Progress in Quest for Group B Strep Vaccine
Study Shows Vaccine Is Effective in Women of Childbearing Age
WebMD News Archive
Oct. 30, 2009 (Philadelphia) -- Researchers are a step closer to developing
a vaccine to protect pregnant women against a serious bacterial infection that
is a leading cause of death and disability in newborns.
The bug is called group B streptococcus, more commonly referred to as group
B strep. Pregnant women with group B strep infection or who are colonized with
the bacteria -- meaning they carry the bug but aren't sick from it -- can
transmit the bacteria to the fetus during delivery. It's commonly found in the
vagina and rectum, with about 25% of women carrying it at any time; most will
carry the bacteria and have no symptoms.
Group B strep can cause life-threatening infections in newborns in the hours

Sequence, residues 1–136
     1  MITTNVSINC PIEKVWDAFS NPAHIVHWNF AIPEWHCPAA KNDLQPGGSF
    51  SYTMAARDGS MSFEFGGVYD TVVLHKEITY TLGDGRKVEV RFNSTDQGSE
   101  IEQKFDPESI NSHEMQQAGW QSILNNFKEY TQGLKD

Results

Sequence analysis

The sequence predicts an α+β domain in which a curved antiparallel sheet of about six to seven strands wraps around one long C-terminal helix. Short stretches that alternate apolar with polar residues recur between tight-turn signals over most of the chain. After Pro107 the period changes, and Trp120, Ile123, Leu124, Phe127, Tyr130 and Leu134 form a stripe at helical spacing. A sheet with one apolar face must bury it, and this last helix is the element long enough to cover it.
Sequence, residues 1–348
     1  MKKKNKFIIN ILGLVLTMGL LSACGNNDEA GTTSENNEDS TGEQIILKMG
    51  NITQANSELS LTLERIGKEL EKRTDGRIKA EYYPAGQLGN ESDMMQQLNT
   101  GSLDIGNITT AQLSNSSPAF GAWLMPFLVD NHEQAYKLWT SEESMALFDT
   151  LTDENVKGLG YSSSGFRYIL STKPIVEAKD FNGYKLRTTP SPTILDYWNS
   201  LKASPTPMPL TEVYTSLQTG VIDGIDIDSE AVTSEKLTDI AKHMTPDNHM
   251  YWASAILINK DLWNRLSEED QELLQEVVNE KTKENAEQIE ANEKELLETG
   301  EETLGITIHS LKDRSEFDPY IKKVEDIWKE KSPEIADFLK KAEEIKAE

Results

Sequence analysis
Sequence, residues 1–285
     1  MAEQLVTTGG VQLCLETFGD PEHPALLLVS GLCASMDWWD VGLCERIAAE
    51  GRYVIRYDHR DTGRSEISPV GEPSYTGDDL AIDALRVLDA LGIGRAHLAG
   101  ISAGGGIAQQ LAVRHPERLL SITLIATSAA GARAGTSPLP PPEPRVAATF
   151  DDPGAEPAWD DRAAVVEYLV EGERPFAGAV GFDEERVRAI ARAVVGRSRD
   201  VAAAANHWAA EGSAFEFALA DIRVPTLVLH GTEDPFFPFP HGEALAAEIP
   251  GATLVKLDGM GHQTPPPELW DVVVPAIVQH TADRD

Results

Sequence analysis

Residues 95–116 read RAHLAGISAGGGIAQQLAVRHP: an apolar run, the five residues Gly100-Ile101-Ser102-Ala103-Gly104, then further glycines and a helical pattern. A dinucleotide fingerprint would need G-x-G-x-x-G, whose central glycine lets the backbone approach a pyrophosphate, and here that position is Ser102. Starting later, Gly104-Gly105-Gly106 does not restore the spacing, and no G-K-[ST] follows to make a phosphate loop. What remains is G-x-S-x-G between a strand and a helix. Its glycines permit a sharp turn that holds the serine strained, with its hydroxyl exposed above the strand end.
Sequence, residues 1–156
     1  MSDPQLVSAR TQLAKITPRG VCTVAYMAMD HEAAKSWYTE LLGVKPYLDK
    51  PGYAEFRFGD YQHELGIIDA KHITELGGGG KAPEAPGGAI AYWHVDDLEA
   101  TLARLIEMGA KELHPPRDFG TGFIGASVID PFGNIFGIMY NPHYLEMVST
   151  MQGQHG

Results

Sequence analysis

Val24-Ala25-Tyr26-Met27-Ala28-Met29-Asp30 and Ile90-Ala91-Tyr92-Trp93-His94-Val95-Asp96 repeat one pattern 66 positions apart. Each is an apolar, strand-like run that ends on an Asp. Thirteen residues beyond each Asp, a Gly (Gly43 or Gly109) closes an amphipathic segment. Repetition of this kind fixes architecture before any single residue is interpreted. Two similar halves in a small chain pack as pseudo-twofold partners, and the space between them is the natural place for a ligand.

after birth, during the first week of life, or even several months later, says
Neil Fishman, MD, an infectious diseases specialist at the University of
Currently, women are screened a few weeks prior to delivery; if the test is
positive, they are given antibiotics to wipe out the infection. "But this isn't
perfect as the bacteria can be resistant to the antibiotics," Fishman tells
Developing a vaccine against group B strep is a major goal, he says.
The new study involved 650 women of childbearing age who were not carriers
of group B strep. About half were given the new vaccine. The women were checked
for group B strep bacteria twice a month for 18 months.
The vaccine caused a modest but lasting reduction in group B strep
colonization in the vagina and rectum, says researcher Sharon Hillier, PhD, of
the Magee-Womens Research Institute at the University of Pittsburgh.
Colonization of the genital or gastrointestinal tract is the major risk factor
The vaccine also elicited a strong immune response against the bacteria, she
tells WebMD. And the vaccine was safe.
Emory University's Larry Pickering, MD, a senior advisor to the CDC's
National Immunization Program, says that while preliminary, the work is very
"It's important in that they showed it prevented colonization" in both the
GI tract and vagina, he tells WebMD. "But there's still a lot of work to